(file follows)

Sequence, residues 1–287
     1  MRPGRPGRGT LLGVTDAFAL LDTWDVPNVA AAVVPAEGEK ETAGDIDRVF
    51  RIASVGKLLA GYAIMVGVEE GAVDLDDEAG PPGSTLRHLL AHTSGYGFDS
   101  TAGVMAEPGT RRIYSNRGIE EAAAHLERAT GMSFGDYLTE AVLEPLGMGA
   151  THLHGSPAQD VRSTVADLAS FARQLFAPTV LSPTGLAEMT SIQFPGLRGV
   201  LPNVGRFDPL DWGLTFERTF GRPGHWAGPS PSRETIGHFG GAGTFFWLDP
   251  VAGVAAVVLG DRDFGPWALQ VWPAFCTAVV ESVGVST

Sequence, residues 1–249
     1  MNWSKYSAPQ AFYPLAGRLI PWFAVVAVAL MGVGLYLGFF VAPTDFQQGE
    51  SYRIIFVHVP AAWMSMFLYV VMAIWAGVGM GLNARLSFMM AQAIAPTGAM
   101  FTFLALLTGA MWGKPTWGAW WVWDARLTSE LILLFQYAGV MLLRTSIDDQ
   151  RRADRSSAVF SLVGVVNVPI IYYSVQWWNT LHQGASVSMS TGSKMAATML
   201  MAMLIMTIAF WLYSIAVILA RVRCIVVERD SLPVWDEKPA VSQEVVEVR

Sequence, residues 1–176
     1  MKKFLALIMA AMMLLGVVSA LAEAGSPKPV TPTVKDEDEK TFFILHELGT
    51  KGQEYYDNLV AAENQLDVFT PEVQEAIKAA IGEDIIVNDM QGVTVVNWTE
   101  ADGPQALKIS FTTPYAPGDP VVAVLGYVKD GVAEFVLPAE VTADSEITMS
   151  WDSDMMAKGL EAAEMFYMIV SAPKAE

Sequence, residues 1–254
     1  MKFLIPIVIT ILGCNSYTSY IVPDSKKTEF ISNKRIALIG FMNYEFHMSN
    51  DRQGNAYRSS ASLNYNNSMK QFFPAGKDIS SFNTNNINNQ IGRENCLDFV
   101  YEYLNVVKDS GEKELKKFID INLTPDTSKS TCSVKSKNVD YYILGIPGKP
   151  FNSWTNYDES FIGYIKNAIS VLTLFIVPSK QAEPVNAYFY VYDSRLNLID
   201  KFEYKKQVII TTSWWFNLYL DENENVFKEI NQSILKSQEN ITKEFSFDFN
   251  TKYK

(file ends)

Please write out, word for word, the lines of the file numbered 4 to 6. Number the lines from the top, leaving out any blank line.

   101  TAGVMAEPGT RRIYSNRGIE EAAAHLERAT GMSFGDYLTE AVLEPLGMGA
   151  THLHGSPAQD VRSTVADLAS FARQLFAPTV LSPTGLAEMT SIQFPGLRGV
   201  LPNVGRFDPL DWGLTFERTF GRPGHWAGPS PSRETIGHFG GAGTFFWLDP